In addition to plaintiff's general objections to defendants' arguments related to compensatory damages, plaintiff asserts he suffered prejudice because he was unable to respond with evidence, i.e., elaborate on the sentimental value of the property to a prisoner whose very existence centers around gaining relief in his case. Plaintiff directs the court's attention to the decision in Bell v. Johnson, 308 F.3d 594, 599 (6th Cir. 2002) (stating that the unwarranted seizure of a prisoner's property, "whatever the monetary value of that property may be, is an ignoble and cowardly abuse of authority . . . and . . . particularly odious, to the point of shocking the conscience"). Plaintiff argues that it is reasonable to conclude that the jury believed that defendant's actions substantially caused plaintiff's injuries because the jury awarded punitive damages based upon a belief that defendants acted in a reckless and malicious manner. In the alternative, plaintiff argues that he suffered mental anguish as a result of defendants' destruction of his legal property, with the actual injury being the destruction of the property itself and plaintiff's inability to respond to defendants' summary judgment motion in Heck, which he notes was not mentioned in this court's Memorandum Opinion.
Jacobs referenced Jacobs v. Heck, Civ. A. No. 02-1703-JFC (W. D. Pa. 2002).
"`[C]ompensatory damages are intended to redress the concrete loss that the plaintiff has suffered by reason of the defendant's wrongful conduct.'" Cortez v. Trans Union, LLC, 617 F.3d 688, 718 (3d Cir. 2010) (quoting State Farm Mut. Auto. Ins. Co. v. Campbell, 538 U.S. 408, 416 (2003)). "`A jury's damages award will not be upset so long as there exists sufficient evidence on the record, which if accepted by the jury, would sustain the award.'" Id. (quoting Thabault v. Chait, 541 F.3d 512, 532 (3d Cir. 2008)). The Court of Appeals for the Third Circuit will "`reverse a district court's decision on compensatory damages and grant a new trial only if the verdict is `so grossly excessive as to shock the judicial conscience.'" Id. (quoting Rivera v. V.I. Hous. Auth., 854 F.2d 24, 27 (3d Cir. 1988)).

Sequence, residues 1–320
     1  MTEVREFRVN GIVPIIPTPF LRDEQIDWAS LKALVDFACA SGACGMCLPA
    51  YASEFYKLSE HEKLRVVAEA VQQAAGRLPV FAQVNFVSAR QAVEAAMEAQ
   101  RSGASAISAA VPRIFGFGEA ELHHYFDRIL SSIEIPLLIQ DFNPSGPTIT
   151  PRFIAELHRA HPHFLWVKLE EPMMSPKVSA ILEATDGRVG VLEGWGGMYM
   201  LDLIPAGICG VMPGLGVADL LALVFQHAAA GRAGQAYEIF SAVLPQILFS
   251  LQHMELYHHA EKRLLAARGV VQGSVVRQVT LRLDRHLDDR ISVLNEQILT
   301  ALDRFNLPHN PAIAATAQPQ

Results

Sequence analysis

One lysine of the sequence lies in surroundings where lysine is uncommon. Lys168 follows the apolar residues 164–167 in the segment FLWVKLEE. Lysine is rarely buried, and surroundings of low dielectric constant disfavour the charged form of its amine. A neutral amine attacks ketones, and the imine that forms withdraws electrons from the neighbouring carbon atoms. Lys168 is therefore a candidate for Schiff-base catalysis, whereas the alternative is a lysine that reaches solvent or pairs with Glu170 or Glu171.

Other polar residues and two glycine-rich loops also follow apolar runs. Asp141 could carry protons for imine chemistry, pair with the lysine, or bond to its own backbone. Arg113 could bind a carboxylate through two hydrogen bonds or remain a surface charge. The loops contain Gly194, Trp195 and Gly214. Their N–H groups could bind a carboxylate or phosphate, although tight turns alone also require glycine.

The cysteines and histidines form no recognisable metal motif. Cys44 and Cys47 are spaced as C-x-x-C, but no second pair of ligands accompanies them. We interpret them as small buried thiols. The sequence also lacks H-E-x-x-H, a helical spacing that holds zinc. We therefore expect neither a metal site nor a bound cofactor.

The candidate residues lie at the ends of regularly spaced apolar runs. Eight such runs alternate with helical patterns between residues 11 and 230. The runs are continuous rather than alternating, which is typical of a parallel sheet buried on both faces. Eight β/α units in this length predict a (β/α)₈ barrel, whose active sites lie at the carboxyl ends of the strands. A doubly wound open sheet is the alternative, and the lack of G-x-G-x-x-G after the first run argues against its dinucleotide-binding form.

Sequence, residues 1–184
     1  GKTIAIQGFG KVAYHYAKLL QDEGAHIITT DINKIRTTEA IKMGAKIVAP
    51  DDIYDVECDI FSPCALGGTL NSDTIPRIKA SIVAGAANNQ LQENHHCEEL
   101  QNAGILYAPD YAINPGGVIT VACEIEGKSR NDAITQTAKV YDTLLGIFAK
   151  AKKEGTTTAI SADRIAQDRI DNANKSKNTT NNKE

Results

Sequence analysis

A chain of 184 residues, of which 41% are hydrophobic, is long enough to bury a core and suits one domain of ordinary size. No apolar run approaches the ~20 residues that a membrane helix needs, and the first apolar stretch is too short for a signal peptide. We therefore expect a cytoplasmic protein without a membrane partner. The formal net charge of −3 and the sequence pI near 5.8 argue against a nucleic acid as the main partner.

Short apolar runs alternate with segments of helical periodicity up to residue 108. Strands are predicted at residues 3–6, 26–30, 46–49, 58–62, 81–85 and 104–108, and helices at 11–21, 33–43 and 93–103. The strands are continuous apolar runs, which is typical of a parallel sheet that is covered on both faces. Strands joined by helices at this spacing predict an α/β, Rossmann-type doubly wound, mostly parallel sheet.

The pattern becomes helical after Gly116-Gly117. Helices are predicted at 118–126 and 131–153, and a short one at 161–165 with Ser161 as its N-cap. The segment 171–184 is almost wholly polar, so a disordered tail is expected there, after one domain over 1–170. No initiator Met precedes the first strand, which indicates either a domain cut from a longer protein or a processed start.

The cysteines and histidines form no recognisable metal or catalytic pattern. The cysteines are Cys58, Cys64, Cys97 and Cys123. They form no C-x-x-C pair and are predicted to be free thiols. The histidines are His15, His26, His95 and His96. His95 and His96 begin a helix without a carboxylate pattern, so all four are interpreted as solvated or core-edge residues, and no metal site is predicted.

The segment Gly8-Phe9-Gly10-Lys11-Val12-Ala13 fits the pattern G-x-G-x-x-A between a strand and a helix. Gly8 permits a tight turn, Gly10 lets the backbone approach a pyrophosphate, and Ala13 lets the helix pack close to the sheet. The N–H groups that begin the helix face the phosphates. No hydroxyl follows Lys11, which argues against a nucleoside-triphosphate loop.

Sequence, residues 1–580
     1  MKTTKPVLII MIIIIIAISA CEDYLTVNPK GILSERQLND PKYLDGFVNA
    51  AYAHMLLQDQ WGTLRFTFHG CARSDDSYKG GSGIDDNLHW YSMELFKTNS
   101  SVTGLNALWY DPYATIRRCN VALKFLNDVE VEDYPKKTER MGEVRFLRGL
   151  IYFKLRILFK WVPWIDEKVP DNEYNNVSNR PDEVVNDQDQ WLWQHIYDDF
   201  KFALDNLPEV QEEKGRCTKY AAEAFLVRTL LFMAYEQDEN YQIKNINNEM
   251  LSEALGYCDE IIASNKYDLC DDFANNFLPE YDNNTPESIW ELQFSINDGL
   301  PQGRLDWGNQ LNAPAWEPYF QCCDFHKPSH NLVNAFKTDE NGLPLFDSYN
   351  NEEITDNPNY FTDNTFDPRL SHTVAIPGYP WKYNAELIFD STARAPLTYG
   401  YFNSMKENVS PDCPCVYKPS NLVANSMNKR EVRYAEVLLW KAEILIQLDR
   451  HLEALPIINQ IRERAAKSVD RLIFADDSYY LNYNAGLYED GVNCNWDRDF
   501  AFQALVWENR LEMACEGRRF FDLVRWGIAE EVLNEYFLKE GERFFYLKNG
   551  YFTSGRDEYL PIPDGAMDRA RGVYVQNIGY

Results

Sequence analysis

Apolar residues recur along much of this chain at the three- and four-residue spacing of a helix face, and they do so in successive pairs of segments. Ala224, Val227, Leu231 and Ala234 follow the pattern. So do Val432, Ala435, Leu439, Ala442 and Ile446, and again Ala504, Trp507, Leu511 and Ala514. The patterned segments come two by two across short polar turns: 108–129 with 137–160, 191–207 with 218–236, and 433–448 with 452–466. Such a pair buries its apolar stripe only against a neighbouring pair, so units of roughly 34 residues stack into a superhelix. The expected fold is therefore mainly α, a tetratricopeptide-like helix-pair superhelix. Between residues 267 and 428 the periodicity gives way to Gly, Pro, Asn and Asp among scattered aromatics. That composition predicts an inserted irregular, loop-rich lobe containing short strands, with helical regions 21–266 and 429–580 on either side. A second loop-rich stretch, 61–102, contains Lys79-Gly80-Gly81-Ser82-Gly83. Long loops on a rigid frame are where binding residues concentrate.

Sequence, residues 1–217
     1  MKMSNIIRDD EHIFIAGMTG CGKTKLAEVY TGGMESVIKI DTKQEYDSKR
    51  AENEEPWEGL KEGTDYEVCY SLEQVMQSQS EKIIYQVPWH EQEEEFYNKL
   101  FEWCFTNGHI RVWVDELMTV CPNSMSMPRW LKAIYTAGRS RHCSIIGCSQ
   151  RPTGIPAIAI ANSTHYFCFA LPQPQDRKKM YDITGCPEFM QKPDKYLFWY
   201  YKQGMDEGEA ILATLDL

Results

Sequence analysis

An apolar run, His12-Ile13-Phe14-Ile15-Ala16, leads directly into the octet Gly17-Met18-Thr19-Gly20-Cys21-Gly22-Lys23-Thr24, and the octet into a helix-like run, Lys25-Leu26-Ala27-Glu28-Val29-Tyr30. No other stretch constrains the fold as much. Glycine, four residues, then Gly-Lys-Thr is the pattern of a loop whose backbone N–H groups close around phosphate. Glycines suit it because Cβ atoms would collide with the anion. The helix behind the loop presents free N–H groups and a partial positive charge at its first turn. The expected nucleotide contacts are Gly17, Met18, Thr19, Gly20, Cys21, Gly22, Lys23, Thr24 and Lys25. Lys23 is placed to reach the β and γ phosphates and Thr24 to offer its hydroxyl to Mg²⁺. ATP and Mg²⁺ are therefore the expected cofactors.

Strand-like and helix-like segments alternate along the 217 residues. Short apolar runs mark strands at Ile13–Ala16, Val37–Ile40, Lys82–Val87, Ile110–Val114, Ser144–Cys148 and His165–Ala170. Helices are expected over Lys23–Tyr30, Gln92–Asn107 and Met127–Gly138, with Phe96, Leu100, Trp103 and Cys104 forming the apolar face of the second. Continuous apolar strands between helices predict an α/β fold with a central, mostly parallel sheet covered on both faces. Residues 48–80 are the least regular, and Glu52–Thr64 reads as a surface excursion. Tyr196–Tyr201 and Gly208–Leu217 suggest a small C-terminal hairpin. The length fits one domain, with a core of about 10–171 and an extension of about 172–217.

The court is mindful that the jury's award of compensatory damages cannot be based on sympathy or speculation, and — as noted above — so instructed the jury. The court understands defendants' argument to mean that plaintiff should not recover because he did not adduce evidence of a fair market value for his property that was taken. "[T]he basic purpose of § 1983 damages liability is `to compensate persons for injuries caused by the deprivation of constitutional rights. . . ." SHELDON H. NAHMOD, CIVIL RIGHTS AND CIVIL LIBERTIES LITIGATION, THE LAW OF SECTION 1983, § 4:3 at 4-8 (4th ed. 2010). In determining damages in a § 1983 context, state tort law has been relied upon by courts to assess the actual value of unique personal property. Id.; see Allah v. Al-Hafeez, 226 F.3d 247, 250 (3d Cir. 2000) ("It is well settled that compensatory damages under § 1983 are governed by general tort-law compensation theory."). "When such items are destroyed, replacement with any reasonable substitute may be impossible, and if so, replacement costs cannot be used as a measure of damages." 1DAN B. DOBBS, DOBBS LAW OF REMEDIES, DAMAGES-EQUITY-RESTITUTION § 5.13(1) at 838-39 (2d ed. 1994). In such instances, "courts are challenged to provide a damages award that respects the plaintiff's property rights without providing a windfall." Id. at 839. "As a result courts seem to have struggled to find some adjustment in the usual formula for damages to permit a somethingmore than market recovery." Id. § 5.16(3) at 906.
For the purpose of determining damages, "value means exchange value or the value to the owner if this is greater than the exchange value." RESTATEMENT (SECOND) TORTS § 911(1) (2d ed. 2010). The exchange value of property is defined as: